When public information is not public

By Jeffrey A. Roberts
CFOIC Executive Director

With a proposed property tax increase on the November ballot, Conifer resident Melody Mesmer thought that residents of the Elk Creek Fire Protection District ought to know how much district employees have been paid over the last few years in salary and overtime.

But even though such information is public under the Colorado Open Records Act (CORA), the fire district isn’t handing it over.

Elk Creek denied Mesmer’s request because the compensation information she seeks is mingled in payroll records with Social Security numbers and other confidential data.  Unlike open-records laws in some other states and the federal Freedom of Information Act (FOIA), the law in Colorado does not explicitly require – nor does it encourage – records custodians to redact private information from records and then release portions that are public (except under a very few circumstances).

“I’m just insanely frustrated that I can’t get a public record,” Mesmer says. She wonders why a district with just nine paid employees cannot – or will not – give her year-end payroll reports with confidential information blacked out. “I’ve seen emails (redacted) that way. If they need a buck-fifty for their time with a marker, I’m happy to pay it.”

It’s not that simple or inexpensive, says Richard Toussaint, attorney for the Elk Creek district.  Year-end payroll reports, which are produced for the district by an outside vendor, show multiple deductions and other points of private information for each monthly pay period. “There isn’t just one line in there that says what the (employee’s) pay is for the year.”

The district did provide Mesmer with salary and overtime data for volunteers who are compensated for battling fires in other parts of the state because “that one was simple to redact,” Toussaint notes. “This other one was definitely going to take some time,” and district officials also worried that they might mistakenly release something confidential.

The bottom line for Mesmer is that redacting the payroll records she requested would require more effort than the district, which has one administrative employee, is willing put forth.  “That’s what the AG said,” Toussaint says. “You don’t have to do it if it’s a ton of work.”

Toussaint is referring to a 2001 opinion from then-state Attorney General Ken Salazar which says that a government in Colorado “is not required to black out, or ‘redact,’ confidential portions of a record. It can lawfully refuse to let you see that record because of its partial confidential content.”

Federal agencies aren’t allowed to do that. FOIA says that “any reasonably segregable portion of a record shall be provided to any person requesting such record after deletion of the portions which are exempt…” Open-records laws in some other states also are worded so that governments cannot outright reject records requests simply because confidential information is mixed in with information that is publicly releasable.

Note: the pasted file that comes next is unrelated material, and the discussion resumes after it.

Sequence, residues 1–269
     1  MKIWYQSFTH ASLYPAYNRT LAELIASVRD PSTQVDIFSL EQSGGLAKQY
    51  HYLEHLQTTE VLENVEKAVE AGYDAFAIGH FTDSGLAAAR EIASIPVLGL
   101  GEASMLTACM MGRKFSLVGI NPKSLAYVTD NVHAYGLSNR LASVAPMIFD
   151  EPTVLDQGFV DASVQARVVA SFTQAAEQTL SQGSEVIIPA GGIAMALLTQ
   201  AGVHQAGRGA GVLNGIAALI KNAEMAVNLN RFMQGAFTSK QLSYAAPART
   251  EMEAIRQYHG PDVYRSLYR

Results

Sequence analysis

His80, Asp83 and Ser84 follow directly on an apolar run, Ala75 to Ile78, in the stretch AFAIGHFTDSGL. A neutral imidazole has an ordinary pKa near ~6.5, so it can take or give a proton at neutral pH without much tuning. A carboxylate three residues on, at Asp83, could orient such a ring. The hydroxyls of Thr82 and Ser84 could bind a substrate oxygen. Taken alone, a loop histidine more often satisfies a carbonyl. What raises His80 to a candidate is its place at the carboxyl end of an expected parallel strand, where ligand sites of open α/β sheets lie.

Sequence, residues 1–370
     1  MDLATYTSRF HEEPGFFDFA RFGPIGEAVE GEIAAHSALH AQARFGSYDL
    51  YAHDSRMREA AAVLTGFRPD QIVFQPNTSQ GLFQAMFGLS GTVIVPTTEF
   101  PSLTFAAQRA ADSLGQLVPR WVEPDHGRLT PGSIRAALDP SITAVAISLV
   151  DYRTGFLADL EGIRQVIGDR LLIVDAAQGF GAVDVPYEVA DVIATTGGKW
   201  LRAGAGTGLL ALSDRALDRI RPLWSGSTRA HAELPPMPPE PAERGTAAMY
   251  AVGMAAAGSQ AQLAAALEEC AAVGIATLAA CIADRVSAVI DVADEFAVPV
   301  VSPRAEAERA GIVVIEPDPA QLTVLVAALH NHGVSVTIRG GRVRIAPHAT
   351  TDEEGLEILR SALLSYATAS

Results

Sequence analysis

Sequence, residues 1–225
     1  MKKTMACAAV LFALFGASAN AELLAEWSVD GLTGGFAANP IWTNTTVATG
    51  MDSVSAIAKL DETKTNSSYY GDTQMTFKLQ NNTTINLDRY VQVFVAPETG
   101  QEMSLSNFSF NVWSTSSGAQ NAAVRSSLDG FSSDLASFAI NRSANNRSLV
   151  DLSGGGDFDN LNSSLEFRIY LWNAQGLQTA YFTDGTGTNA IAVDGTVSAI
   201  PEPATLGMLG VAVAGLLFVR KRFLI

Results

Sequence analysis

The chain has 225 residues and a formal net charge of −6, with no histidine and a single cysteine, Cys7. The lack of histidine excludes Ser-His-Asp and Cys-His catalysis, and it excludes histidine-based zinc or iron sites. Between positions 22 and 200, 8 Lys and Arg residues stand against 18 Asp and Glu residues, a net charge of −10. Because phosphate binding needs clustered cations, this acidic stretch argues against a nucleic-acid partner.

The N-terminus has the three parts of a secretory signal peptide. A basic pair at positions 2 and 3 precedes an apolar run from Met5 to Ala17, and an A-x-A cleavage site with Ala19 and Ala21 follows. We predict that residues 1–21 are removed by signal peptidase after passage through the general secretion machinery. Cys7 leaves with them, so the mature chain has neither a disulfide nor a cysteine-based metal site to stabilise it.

In Wisconsin, “if you have to withhold something, you still have to release the rest of the record,” says Bill Lueders, president of the Wisconsin Freedom of Information Council. Not only that, the Wisconsin Supreme Court ruled last year that governments cannot charge the public for time spent deleting portions that are private.

Although CORA is silent, in most circumstances, on whether records custodians are required to redact confidential information, two Colorado Supreme Court decisions have been broadly interpreted to mean that such a requirement is not implied under the law, either. In Sargent School District No. RE-33J v. Western Services, Inc., in 1988, the court held that the custodian of individual scholastic records did not have to delete exempt data to make the records releasable under the open-records law. In Background Information Services, Inc., v. Office of the State Court Administrator, in 1999, the court ruled that the state judicial system did not have an implied duty to manipulate computerized court records so that they could be disclosed.

But media law attorney Steve Zansberg, who serves on the Colorado Freedom of Information Coalition’s executive committee, says the case law “is not all that clear cut” because one Supreme Court case addressed records specifically exempted under the open-records law (scholastic records) and the other addressed criminal justice records, which are covered by a law (the Criminal Justice Records Act) that gives records custodians more discretion to withhold information.

Zansberg also notes that more recent Court of Appeals and Supreme Court rulings expressly encourage the redacting of confidential information when possible. A footnote in the Supreme Court’s 2008 decision in Freedom Colorado information, Inc. v. El Paso County Sheriff’s Department calls redaction “an effective tool to provide the public with as much information as possible, while still protecting privacy interests when deemed necessary.” The Supreme Court there directed a criminal justice agency to exercise its power of redaction “sparingly” to maximize the amount of information disclosed to the public.

“We think (the duty to redact) is an unsettled question,” Zansberg says. “But even if it’s a matter of discretion and not a clear duty, to withhold information about public business that is easily segregable information is an abuse of discretion.”

Many governments routinely release public-employee compensation data and some, like the state of New Jersey, even publish it online. Why is it in the public’s interest to know how much government employees are paid? In these days of straining government budgets and underfunded public pensions, it doesn’t take much research to find newspaper stories with headlines like this:  “Public pension ‘spiking’: Overtime hours soar for St. Paul fire supervisors.”

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